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THE CUTTING EDGE: Focus on E-Business

Big Payouts Offered for Patent Dispute Evidence

October 19, 2000|MAY WONG | ASSOCIATED PRESS

SAN JOSE — A new start-up hopes to appeal to the mercenary and educated masses, rewarding individuals with bounties of $10,000 or more when they provide information that helps companies settle high-stakes patent disputes.

By using the power of the Web and cash incentives, Boston-based BountyQuest Corp. is positioning itself as a much-needed vehicle to get the hard-to-find evidence of so-called prior art that can quash or validate a patent--a tool some say is increasingly being used by companies to not only protect their innovations but stifle their competitors.

Until now, such searches have been left in the hands of the U.S. Patent and Trademark Office, and more recently, a growing legion of lawyers and private patent research firms, all of whom rely largely on database searches.

"But in a world where documents are evanescent--like how someone can put an idea in the form of a Web page and then change the page--it's a hard problem," said Tim O'Reilly, a publisher of software books and a vocal critic of the patent system. "It's all moving so fast, and imagine the patent office looking for that stuff."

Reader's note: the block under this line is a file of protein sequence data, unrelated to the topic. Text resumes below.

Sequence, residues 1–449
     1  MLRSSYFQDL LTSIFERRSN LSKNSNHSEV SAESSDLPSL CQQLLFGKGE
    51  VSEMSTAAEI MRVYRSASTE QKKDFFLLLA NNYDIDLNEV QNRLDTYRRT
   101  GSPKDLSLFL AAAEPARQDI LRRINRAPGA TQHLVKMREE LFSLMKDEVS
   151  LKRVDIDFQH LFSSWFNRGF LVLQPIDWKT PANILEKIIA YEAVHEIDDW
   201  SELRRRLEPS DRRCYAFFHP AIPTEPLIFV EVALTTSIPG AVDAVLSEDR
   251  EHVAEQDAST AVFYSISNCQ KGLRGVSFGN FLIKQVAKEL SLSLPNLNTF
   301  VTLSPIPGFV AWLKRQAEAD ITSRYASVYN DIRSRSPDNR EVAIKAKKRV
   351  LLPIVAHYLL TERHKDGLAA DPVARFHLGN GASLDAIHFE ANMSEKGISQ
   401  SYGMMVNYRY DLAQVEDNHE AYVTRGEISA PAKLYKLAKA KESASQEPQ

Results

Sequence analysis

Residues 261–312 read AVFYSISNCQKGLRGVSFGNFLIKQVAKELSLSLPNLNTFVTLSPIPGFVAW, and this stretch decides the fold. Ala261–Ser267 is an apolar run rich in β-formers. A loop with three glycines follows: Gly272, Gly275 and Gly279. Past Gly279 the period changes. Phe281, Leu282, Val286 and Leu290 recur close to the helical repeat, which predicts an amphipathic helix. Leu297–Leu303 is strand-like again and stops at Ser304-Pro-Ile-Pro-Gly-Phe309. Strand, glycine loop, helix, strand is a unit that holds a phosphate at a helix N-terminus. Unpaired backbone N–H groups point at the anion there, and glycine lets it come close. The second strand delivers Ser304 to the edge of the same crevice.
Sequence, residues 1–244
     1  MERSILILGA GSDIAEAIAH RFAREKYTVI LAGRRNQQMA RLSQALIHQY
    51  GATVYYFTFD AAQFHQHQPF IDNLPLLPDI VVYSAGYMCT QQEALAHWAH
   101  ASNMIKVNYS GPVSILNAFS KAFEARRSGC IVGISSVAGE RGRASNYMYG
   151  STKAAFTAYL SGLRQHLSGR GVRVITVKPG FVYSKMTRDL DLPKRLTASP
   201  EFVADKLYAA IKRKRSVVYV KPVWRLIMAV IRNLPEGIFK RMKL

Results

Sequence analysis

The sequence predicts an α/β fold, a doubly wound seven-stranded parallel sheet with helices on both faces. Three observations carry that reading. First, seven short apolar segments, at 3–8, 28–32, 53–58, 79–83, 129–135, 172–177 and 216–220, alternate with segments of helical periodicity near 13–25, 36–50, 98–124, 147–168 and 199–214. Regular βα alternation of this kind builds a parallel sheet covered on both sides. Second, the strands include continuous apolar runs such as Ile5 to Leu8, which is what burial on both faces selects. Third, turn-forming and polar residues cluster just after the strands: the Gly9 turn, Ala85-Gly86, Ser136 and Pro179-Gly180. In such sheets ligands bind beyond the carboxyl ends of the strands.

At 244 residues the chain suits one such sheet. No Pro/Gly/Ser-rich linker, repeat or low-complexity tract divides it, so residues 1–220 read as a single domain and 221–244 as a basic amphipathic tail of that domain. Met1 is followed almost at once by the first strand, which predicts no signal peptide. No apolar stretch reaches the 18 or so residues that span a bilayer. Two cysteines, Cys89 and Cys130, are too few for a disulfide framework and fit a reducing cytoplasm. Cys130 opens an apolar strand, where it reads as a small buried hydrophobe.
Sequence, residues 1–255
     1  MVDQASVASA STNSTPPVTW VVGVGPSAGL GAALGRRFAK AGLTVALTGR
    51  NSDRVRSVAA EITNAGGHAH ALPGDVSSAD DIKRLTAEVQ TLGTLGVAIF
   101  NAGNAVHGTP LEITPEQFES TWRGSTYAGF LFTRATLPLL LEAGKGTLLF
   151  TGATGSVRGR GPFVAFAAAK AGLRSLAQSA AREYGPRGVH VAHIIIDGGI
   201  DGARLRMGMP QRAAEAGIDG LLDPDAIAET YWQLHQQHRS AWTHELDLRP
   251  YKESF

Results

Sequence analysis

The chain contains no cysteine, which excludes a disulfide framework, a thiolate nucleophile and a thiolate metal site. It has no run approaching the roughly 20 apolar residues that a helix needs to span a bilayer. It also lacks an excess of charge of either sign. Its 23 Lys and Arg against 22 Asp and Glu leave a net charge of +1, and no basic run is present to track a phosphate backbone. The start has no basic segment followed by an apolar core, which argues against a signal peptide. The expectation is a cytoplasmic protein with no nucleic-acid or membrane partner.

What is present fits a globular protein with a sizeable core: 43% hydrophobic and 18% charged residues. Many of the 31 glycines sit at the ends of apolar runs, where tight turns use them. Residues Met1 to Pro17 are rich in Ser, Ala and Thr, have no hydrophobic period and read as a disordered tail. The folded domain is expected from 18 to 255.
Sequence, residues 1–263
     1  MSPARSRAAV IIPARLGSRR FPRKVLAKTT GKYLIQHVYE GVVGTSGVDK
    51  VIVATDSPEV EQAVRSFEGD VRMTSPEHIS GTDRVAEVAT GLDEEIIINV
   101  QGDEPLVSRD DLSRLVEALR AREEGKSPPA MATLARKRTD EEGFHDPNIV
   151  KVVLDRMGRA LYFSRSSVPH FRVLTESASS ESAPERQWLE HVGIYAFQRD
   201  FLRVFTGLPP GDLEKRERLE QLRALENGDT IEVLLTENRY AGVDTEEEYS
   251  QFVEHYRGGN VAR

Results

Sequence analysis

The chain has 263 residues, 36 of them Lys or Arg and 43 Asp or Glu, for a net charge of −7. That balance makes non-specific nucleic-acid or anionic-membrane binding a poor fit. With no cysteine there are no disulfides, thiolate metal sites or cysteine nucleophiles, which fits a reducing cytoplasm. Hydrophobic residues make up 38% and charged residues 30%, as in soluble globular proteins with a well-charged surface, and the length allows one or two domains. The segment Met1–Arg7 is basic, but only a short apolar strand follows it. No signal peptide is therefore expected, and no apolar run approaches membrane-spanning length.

O'Reilly led the outcry last year against Amazon.com when it received a patent for its one-click shopping method, then later won a court order forcing competitor Barnesandnoble.com to stop using its own one-click system.

That case, and a slew of other strategic patents in the high-tech industry, has since fueled a debate on the need for patent reform.

And now, though the two men still disagree on the patent system's value to innovation, O'Reilly and Amazon.com's Jeff Bezos have been arguing for improvements to the overworked, under-equipped patent office.

"Jeff and I agree that meaningful reform begins with better prior-art searches. BountyQuest has the power to make this happen," O'Reilly said.

Both men are investors in the privately held BountyQuest.

Already two dozen bounties, including a $10,000 reward for prior art of Amazon's one-click system, are listed on the site. The firm charges a $2,500 posting fee and a commission if someone turns up with valid prior art and collects the bounty. The identities of those posting the bounties are kept anonymous.

The company expects that many of its customers will be those trying to either protect their own patents or invalidate those of a competitor.

The firm aims to attract the help of engineers, scientists and researchers who will be motivated by the rewards and perhaps some good will to produce the vital prior art evidence, whether it comes in the form of a keynote speech or a dusty brochure.

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On the Net: http://www.bountyquest.com

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